Plant flowering strawberries as soon as the soil can be worked in the spring. The very best place for plants is a sunny place in well-drained, sandy, loam soil with a pH between 5.5 and 7.0. Approximately six weeks after planting and before flowering, apply 2 pounds of 10-10-10 fertilizer for each 100 linear feet of rows, and also utilize another 2 pounds in early September. This will foster the growth and development of blossom and fruit buds. Note that fertilizer needs will vary by region; your county extension office will know the specific kind required for your area. All strawberry plants require about 1 inch of water each week, either by irrigation or rain, to encourage flower growth.


The time from blossom bloom to harvest will be different from 18 to 45 days depending on the form of strawberry plant, sunlight and temperatures. Pick berries, together with the caps on and 1/2 inch of stem attached, in the morning when it’s cool and plants are dry to assist prolong berry shelf life. Harvesting vegetables each other day can help boost high-quality. Store harvested berries in temperatures around 33 to 34 degrees Fahrenheit.

Pests and Disorders

Two of the most frequent diseases in flowering strawberry crops are verticillium wilt and botrytis fruit rot, which influences blossom petals, flower stalks, fruit caps and fruit. Insects such as the strawberry bud weevil, which partially severs stems, can also lead to the loss of blossoms. An all-purpose fruit spray may be implemented just as the first blossoms open and at full bloom. Additionally, avoid putting berries in soil where other strawberries, brambles or crops in the tomato family — including potatoes, peppers and eggplants — happen to be developed to prevent verticillium wilt contamination. Eliminate overripe and rotted berries to decrease insect and disease problems.

See related

Mango Tree Spray

The mango (Mangifera indica) is a tropical evergreen tree characterized by a wide, dense layer of leaves, fragrant flowers, and big, thick-skinned fruits that are treasured the world over for their aromatic, sweet taste. If properly cared for in the home garden, mature mango trees are generous with their fruits, bearing prolific amounts. A variety of kinds of mango tree sprays are available that work to help increase overall plant health and fruit yield, in addition to protect the tree from harmful bacterial diseases.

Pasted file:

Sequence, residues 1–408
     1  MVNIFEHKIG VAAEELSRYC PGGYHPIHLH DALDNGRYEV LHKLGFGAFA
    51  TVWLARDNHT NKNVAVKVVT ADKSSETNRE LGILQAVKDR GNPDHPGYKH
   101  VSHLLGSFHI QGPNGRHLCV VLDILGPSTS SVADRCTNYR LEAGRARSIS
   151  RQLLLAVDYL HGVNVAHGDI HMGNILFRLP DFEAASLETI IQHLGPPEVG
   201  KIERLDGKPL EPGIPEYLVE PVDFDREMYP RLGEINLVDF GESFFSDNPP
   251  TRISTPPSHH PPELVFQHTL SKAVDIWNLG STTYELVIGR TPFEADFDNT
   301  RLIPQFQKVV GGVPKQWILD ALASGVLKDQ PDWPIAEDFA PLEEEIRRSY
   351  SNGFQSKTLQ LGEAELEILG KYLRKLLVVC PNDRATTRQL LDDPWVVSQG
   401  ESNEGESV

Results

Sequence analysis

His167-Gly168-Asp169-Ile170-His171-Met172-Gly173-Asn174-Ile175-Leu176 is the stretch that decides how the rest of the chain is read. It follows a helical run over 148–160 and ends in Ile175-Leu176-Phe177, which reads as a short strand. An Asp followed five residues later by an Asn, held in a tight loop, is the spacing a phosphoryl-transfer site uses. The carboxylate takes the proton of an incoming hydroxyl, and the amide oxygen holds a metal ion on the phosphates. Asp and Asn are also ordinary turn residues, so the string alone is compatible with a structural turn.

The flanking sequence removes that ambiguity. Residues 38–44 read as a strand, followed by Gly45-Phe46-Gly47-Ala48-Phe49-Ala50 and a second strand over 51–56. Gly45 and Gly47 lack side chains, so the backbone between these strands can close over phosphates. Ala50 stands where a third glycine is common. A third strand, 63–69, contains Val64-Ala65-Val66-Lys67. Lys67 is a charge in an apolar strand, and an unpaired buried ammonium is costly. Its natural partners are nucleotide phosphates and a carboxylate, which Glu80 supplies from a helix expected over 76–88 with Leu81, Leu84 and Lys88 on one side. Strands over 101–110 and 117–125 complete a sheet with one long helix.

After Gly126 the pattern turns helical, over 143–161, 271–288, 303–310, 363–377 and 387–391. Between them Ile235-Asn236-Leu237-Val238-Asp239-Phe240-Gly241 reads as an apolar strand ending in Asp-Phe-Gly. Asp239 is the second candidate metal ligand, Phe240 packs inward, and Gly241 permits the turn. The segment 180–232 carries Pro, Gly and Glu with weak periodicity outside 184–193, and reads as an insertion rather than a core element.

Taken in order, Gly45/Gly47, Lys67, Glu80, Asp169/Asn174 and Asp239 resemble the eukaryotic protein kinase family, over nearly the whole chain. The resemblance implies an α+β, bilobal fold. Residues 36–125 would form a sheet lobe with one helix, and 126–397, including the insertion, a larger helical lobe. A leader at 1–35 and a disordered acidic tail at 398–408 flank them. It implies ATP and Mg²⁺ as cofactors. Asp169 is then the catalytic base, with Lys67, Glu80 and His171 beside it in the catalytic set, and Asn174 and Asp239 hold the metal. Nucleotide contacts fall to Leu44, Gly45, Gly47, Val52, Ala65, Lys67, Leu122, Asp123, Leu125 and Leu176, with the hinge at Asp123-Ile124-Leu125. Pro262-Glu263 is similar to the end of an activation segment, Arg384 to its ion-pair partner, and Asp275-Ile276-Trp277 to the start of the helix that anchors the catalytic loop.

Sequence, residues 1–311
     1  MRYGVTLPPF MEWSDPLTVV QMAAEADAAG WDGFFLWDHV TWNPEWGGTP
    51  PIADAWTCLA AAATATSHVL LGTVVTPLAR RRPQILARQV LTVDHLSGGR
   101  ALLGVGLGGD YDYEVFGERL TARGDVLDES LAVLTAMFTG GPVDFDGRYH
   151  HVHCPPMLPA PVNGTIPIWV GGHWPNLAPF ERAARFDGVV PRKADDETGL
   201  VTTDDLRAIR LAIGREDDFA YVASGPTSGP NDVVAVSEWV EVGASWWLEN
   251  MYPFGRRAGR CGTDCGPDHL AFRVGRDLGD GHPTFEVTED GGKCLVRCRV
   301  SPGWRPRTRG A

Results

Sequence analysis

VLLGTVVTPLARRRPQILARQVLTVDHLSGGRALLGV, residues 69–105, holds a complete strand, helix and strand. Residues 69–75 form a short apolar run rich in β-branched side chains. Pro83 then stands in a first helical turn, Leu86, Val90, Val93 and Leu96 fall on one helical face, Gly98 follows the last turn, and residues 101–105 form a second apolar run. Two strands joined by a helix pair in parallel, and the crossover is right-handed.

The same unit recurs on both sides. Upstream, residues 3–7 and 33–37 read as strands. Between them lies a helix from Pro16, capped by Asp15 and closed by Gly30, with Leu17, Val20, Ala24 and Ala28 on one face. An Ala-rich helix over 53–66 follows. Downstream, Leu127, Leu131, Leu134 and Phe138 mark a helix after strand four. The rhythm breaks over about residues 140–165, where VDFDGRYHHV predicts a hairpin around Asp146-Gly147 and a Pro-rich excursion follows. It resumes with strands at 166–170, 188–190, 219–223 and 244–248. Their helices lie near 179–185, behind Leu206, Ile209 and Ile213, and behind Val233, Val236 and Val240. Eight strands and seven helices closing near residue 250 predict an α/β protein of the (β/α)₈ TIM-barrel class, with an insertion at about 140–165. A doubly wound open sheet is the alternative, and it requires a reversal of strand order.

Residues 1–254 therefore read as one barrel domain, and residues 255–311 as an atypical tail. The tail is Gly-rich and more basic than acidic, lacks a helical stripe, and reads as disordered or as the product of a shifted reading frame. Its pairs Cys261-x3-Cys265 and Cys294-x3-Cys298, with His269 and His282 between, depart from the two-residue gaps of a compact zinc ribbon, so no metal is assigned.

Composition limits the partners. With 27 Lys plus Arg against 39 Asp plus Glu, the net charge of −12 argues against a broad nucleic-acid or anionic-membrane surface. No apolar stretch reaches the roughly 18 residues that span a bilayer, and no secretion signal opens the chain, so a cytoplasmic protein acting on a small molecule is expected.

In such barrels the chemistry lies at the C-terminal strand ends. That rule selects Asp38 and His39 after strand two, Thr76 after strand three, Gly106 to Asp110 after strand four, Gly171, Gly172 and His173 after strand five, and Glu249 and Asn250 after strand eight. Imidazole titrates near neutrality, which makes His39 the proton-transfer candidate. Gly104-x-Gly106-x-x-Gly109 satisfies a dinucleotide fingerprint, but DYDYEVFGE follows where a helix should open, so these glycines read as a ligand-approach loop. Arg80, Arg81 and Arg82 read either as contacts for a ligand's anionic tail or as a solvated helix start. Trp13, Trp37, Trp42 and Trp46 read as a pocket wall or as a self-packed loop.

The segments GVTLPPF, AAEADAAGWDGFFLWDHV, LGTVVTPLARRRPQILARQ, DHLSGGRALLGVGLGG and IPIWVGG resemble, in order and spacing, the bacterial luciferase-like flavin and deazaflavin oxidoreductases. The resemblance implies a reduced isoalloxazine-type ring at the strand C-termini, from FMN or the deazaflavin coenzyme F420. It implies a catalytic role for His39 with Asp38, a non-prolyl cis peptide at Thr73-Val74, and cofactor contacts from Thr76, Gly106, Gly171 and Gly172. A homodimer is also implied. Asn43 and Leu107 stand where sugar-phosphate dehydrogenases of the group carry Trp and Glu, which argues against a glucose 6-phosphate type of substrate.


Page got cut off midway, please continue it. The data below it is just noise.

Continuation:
Nutritional Sprays

Mango trees growing in less than perfect soils, such as rocky, calcareous soils, could benefit greatly from an yearly foliar increase of nutrition. For the tree’s initial four to five decades, apply a pre-mixed foliar spray that contains vital nutrients such as zinc, copper, manganese, and boron (a nutrient that helps blossom and fruit production). Following the initial five decades or so, apply a spray that only contains zinc and manganese, with low levels of boron if needed. Trees grown in neutral or acidic dirt may benefit from nutritional sprays of copper and boron in an “as required” basis.

Organic Sprays

For those who prefer organic methods, seaweed tonic is just a mild choice that may be sprayed on mango trees to strengthen tree health, prevent pests and help inhibit diseases such as mildew and blight. There’s little risk of accidentally harming the tree from over-applying seaweed tonic. It may be made readily by putting raw cedar in a bucket of rainwater with a loose lid and leaving it for 2 weeks to a year. After at least three weeks, then pour the seaweed water to a spray can and implement to the leaves.

Fungicide Sprays

Mango trees are notoriously susceptible to powdery mildew and anthracnose, fungal pathogens that wreak havoc on new flowers and fruits. If applied before infection sets in, fungicide sprays may be effective at preventing fungicide. Fungicide will not work if applied after the fungus is present. The fungicide should include copper and sulfur, and also be applied twice to young panicles: the very first time, once the panicles are all about half-mature, and 10 to 21 days later.

Flower-Inducing Sprays

Chemical flower-inducing sprays may be used to encourage higher fruit yields. Fruits are often bigger when the tree is sprayed with flower-inducing sprays. Select a spray that includes potassium nitrate, which gives the tree its required dosage of potassium, or a spray that includes potassium nitrate. Flower-inducing sprays shouldn’t be used on trees that are unhealthy or under ten years old. As with other sprays, it’s rendered ineffective if applied during rainy weather.

See related